Inside The Creative Assembly

As the studio celebrates 25 years in business and another BAFTA, it speaks about its successes and its future.

Winning a BAFTA and shipping a massive expansion, celebrating a quarter of a century in the industry and managing to be one of the few outfits expanding against an increasingly bleak economic backdrop - that's not bad work, all in all, but the team at The Creative Assembly aren't exactly ones to shout about their success.

Over 25 years, the studio that's situated in peaceful, unassuming Horsham has quietly earned a reputation for excellence, built largely around its long-running Total War series. The BAFTA, won in this year's best strategy category, is the third that the series has been awarded to date.

"This year we were up against Deus Ex," Mike Simpson, Total War's studio director tells us, "and the original Shogun in 2000 was up against the original Deus Ex - which they then won. We were so upset having lost that time round when we got nominated the following year we didn't go - and we won that one."

What exactly Deus Ex: Human Revolution was doing in the strategy category is an issue for another time; for The Creative Assembly it was gentle revenge, and another trophy for its swelling cabinet. "They're definitely the best ones to have," says Simpson. "They weigh more than all the other awards put together. If you're ever going to get caught in a dark alley with a trophy in your hand, you'd hope it'd be a BAFTA."

There was a time before Total War, though, and a time when The Creative Assembly was a very different outfit - it started off life working on ports of Psygnosis games in the late 80s, and then went on to partner with EA as it produced a series of sport brands. It was during this period that Mike Simpson joined, rekindling a relationship he'd with founder Tim Ansell from his time at Psygnosis.

"If you're ever going to get caught in a dark alley with a trophy in your hand, you'd hope it'd be a BAFTA."

"I joined to start another team to do something different," Simpson recalls. "The original idea was to do an RPG and have it based on Monkey. We were going to do it in Singapore, because the Singapore government funded us setting up a studio there. But somehow we ended up doing Shogun instead."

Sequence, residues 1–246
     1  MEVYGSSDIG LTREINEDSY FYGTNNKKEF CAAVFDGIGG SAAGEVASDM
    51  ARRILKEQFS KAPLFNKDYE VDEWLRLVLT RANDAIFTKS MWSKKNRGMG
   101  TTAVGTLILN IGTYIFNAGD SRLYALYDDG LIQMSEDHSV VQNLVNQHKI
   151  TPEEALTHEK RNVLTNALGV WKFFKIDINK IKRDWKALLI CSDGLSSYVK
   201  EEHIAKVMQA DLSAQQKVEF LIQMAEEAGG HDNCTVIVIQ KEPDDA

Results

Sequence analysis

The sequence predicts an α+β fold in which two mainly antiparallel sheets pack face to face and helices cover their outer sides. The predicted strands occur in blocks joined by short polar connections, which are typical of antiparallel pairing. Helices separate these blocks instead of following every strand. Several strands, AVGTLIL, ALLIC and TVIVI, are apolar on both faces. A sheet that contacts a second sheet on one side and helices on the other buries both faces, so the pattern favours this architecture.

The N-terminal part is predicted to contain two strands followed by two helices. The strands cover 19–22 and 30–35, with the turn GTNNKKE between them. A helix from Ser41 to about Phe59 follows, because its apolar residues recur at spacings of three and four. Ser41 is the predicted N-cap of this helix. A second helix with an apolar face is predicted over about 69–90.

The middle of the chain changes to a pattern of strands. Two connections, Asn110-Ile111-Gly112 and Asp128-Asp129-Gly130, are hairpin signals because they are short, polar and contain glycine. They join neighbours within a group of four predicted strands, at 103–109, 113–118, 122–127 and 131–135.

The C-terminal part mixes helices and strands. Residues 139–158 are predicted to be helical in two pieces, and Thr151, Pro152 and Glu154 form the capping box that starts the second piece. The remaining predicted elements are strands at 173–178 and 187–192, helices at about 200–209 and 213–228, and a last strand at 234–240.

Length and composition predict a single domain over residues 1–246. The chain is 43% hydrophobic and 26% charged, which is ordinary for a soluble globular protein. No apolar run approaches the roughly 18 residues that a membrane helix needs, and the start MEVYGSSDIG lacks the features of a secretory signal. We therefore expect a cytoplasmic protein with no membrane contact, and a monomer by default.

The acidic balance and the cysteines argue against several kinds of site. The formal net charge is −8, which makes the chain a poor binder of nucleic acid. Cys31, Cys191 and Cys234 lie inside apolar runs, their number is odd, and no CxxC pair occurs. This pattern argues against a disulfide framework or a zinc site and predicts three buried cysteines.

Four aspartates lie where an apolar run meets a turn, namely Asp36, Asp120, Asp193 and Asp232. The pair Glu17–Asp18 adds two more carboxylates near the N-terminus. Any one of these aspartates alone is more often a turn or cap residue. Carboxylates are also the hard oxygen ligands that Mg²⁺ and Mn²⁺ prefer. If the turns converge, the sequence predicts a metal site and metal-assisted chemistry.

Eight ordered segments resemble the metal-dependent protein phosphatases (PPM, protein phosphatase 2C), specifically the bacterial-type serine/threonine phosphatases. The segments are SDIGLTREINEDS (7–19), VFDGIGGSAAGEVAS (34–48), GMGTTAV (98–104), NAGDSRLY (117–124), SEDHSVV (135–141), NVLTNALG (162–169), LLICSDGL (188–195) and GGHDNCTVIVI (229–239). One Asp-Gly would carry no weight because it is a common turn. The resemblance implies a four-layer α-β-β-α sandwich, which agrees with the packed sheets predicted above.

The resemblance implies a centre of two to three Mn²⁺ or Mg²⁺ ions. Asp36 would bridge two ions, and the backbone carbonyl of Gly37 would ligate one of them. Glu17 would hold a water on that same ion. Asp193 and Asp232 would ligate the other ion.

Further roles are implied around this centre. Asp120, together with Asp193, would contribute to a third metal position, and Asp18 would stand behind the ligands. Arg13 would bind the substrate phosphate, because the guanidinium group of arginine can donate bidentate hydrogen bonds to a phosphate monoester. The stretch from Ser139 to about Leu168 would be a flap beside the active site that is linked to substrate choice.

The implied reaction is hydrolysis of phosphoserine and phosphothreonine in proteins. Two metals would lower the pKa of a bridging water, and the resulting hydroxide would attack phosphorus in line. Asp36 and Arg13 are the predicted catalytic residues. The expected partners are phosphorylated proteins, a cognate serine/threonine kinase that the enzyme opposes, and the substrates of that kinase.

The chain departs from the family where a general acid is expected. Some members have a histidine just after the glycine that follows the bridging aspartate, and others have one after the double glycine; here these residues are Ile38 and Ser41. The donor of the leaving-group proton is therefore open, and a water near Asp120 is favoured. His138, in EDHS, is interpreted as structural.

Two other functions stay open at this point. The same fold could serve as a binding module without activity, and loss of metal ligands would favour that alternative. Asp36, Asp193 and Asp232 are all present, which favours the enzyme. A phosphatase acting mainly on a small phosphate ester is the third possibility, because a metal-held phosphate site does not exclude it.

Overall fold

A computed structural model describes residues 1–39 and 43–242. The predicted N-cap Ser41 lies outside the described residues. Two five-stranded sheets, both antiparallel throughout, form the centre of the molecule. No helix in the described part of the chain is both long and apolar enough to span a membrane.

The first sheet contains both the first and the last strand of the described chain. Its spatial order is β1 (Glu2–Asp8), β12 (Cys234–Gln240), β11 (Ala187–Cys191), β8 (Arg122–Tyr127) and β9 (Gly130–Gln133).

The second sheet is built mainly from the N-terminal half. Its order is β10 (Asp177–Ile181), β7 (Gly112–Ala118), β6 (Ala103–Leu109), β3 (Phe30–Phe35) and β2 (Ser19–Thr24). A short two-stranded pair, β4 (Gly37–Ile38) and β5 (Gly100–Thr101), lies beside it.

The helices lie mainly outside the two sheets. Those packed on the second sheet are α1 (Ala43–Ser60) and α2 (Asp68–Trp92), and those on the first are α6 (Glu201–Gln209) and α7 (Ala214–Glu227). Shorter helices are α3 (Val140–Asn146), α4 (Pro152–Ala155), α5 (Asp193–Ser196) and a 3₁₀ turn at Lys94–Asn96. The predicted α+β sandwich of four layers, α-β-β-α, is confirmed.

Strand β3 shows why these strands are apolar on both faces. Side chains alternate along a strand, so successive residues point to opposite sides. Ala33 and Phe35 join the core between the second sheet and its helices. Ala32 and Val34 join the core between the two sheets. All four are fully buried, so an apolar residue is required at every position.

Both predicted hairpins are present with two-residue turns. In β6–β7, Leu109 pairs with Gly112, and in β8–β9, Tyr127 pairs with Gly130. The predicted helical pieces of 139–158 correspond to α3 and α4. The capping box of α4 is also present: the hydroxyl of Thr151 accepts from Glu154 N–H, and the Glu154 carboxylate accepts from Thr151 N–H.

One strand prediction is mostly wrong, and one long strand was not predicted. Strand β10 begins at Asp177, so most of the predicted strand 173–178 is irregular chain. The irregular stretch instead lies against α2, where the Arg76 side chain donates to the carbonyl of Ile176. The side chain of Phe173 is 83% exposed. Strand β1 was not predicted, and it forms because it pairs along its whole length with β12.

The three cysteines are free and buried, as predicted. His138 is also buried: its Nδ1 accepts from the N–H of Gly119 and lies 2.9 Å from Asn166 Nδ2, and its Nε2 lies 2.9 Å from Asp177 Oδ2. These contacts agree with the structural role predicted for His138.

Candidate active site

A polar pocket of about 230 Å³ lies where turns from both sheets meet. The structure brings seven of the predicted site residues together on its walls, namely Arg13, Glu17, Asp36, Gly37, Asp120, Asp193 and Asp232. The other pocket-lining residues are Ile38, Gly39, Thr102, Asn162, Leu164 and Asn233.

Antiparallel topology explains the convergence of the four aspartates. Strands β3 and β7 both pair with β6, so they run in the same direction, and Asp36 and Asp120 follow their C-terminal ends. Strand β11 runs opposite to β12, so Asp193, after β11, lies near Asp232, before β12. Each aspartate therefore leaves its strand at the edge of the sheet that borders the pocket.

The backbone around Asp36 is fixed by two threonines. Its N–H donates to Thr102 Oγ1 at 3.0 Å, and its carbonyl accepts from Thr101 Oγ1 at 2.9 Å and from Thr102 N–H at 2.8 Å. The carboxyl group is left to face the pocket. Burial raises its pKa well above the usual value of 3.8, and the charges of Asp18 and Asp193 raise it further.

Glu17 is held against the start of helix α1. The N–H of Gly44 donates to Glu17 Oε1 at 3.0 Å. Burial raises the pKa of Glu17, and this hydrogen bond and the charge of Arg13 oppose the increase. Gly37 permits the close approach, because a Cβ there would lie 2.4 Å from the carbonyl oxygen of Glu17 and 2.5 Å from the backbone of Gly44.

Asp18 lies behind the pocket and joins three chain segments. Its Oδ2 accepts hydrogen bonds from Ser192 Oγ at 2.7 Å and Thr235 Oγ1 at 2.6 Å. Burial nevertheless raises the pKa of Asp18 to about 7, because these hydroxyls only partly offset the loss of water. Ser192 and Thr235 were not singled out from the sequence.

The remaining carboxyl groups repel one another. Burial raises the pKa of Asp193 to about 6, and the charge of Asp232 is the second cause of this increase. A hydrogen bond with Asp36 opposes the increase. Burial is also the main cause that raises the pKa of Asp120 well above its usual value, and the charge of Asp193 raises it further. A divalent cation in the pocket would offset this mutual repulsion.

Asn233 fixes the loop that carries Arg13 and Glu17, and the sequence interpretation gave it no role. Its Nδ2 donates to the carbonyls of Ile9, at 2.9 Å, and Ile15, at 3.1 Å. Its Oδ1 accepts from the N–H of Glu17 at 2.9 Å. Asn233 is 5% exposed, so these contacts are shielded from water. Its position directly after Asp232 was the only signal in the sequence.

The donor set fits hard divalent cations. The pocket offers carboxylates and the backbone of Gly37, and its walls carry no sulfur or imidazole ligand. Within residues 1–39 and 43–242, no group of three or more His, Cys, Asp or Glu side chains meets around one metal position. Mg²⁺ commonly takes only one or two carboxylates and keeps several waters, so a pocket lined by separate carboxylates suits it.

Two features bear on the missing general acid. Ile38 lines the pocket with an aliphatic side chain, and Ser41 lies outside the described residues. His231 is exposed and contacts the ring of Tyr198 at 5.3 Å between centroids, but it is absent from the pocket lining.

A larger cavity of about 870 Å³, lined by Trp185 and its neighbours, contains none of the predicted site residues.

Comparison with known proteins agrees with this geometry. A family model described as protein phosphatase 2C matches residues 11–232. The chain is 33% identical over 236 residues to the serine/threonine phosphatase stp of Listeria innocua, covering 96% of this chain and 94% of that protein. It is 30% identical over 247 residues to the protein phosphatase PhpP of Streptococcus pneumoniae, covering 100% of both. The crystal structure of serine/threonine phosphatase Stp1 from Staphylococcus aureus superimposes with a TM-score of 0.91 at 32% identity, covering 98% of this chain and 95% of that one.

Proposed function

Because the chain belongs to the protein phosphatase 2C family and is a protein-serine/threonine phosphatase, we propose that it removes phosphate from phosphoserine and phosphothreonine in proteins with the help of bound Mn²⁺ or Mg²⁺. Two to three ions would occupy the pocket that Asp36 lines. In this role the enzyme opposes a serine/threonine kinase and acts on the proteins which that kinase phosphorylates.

"Like all these things, you end up with a series of accidents. We looked into the Singapore thing, and all of the grants that were offered had various things attached, and like most things that sound too good to be true, it probably was.

"But it was just a sequence of events that led to Shogun. Command and Conquer came out, and then a whole bunch of Command and Conquer clones came out - things like Kill, Crush & Destroy - and sold remarkably well. We looked at that, and thought we could make this really complex, ground-breaking RPG or we could just knock off a quick Command and Conquer clone - and that'd be much easier."

It would become much, much more than that, of course. The first Shogun's development happened in tandem with a sharp technological evolution that saw the introduction of 3D graphics - and one that suggested to The Creative Assembly that it could hijack this new technology to breathe a little originality into its Command and Conquer clone.

"It opened up the possibility of doing a battlefield in 3D," recalls Simpson. "We had this idea that maybe you could build a battlefield with curved hills - and no-one had ever done curves before - and put the camera through the eyes of the general. And it snowballed from that. It started off being a sort of B-grade Command and Conquer clone to being its very own thing."